While certainly worth the 48-year wait, the beautiful dream of a full-fledged, “book-style” soundtrack recording of Mr. Magoo’s Christmas Carol has not been fully realized in these twenty-two minutes. Darrell Van Citters tells more about it in his November 26th, 2012 blog post:
“As part of the 50th anniversary edition of the book, [The Making of Mr. Magoo’s Christmas Carol, now out of print but as of this writing, still listed on amazon] I had proposed including a soundtrack which was to have featured the film’s song score, Styne & Merrill’s demo recordings of their tunes and Walter Scharf’s underscore. The idea was well received and Classic Media was on board so I built the book around this proposal. The songs had been released on iTunes back in 2010 and the long lost Overture had been discovered, too, so it seemed like the project would fall into place and finally, the long awaited original film soundtrack would be released, 50 years after the film had made its debut.
“Unfortunately, when the digging really began in earnest, it was discovered that the only musical material that existed in the vaults were the previously released songs and Overture. For those with an attuned ear, it’s clear that the iTunes-released songs are from the original recording session; the final standalone versions of the songs cannot be located. Equally disappointing, the score didn’t exist in any form whatsoever; not the original scoring session takes, not as a standalone score, not even as a mixed music and sound effects track commonly used for foreign language dubbing.
“What seems likely is that the elements are mislabeled or filed incorrectly in the vault. According to a former executive at UPA, the elements were delivered when the assets were purchased.
“Also unfortunate is the fact that the ten-selection soundtrack album we’ve just examined is no longer available. The downloads disappeared from iTunes and amazon several years ago. What is still accessible from the archival sound material is on the Blu-ray: a demo version of “Ringle, Ringle” sung by Jule Styne and Bob Merrill, and an edited Overture by Walter Scharf that plays under a bonus production montage slide show feature called “From Pencil to Paint.”
In an ever-changing consumer marketplace where one person’s worthless “dead wood” becomes another person’s “prime content” and people seek out what they like rather than what they are told to choose, it’s a good idea to “never say never” when wishing for things like this to re-emerge. After all, Universal decided just this year to invest in brand-new bonus features for their Rankin/Bass Blu-rays and DVDs even though the “prevailing wisdom,” says things like “home video is dying,” “nobody wants extra features”, “vinyl isn’t going to stay popular” and “2-D animation is dead.” (Even Bugs Bunny said Life with Father would never be a hit!)”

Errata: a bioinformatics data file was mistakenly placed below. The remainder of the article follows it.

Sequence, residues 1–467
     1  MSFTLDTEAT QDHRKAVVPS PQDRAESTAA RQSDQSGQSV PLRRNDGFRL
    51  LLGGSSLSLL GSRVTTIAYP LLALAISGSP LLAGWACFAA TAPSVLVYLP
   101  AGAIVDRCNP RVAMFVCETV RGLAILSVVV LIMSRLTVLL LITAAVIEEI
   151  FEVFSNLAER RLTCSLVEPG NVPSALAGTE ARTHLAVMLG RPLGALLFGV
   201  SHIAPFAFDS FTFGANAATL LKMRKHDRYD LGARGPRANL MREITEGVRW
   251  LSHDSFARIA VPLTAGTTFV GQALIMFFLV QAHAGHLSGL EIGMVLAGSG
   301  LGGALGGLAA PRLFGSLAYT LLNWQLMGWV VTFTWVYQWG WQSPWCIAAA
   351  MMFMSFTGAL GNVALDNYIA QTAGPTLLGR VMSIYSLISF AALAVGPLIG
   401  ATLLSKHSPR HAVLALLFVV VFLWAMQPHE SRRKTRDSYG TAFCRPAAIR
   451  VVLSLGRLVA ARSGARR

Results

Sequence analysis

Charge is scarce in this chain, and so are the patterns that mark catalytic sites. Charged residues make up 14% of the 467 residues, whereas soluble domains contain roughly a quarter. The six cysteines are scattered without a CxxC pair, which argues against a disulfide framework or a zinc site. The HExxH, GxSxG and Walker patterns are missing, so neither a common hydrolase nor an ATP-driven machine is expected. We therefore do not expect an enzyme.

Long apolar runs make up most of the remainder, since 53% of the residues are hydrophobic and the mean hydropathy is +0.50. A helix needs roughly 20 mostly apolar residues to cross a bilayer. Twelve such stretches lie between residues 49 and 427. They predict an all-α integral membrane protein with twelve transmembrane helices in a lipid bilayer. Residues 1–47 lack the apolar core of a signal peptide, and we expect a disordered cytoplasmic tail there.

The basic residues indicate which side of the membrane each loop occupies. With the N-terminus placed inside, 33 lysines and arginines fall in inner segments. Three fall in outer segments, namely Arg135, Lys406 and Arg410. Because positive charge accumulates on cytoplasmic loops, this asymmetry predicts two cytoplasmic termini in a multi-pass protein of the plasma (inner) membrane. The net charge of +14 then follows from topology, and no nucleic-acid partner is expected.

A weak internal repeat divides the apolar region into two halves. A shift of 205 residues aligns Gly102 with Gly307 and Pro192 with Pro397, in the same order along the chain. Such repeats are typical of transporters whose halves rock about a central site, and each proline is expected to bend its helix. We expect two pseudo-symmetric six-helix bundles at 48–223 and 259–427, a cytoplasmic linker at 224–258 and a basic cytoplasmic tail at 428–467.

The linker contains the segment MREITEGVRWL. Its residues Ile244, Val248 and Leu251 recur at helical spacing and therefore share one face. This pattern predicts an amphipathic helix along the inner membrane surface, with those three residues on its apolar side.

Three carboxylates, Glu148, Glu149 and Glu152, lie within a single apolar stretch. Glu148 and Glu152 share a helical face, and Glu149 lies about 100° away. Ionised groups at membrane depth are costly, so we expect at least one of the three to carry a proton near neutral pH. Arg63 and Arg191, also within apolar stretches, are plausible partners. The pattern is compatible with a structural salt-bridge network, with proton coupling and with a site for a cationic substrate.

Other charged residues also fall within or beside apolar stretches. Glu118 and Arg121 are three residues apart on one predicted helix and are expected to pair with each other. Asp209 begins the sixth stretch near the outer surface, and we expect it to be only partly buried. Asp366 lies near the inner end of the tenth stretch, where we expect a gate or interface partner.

As Darrell continued:
“At some point in the future, when the missing elements are located, the intent is to still release an original soundtrack. Until that day, we’ll have to content ourselves with the track that currently exists on the DVD releases.”
From the ABC Musical Comedy Special
THE DANGEROUS CHRISTMAS OF RED RIDING HOOD
Or Oh Wolf, Poor Wolf
ABC-Paramount Records ABCS-536 (Stereo) ABC-536 (Mono) (12” 33 1/3 RPM LP)
Released in 1965. Executive Producers: Jule Styne, Bob Merrill. Album Supervisor: Bob Thiele. Arranger/Conductor: Walter Scharf. Script Excerpts: Robert Emmett. Engineer: Bob Arnold. Design: ARW Productions. Liner Notes: Rick Ward. Running Time: 40 minutes.
Performers: Cyril Ritchard (The Wolf); Liza Minnelli (Red Riding Hood); Vic Damone (The Huntsman); The Animals (The Wolf Pack).
Songs: “We Wish the World A Happy Yule,” “My Red Riding Hood,” “Snubbed,” “Woodsman’s Serenade,” “Granny’s Gulch,” “Along the Way,” “I’m Naïve,” “We’re Gonna Howl Tonight,” “Ding-a-Ling,” “Granny” by Jule Styne, Bob Merrill.
Instrumentals: Overture, “Red Riding Hood Improvisation (Ballet),” “Poor Mouse (Ballet)” by Jule Styne, Bob Merrill, Walter Scharf.